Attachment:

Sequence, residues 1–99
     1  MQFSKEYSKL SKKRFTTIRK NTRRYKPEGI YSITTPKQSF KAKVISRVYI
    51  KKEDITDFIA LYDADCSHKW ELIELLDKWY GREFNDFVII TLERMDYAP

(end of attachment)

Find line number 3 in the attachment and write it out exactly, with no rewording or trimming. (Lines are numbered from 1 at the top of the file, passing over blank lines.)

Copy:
    51  KKEDITDFIA LYDADCSHKW ELIELLDKWY GREFNDFVII TLERMDYAP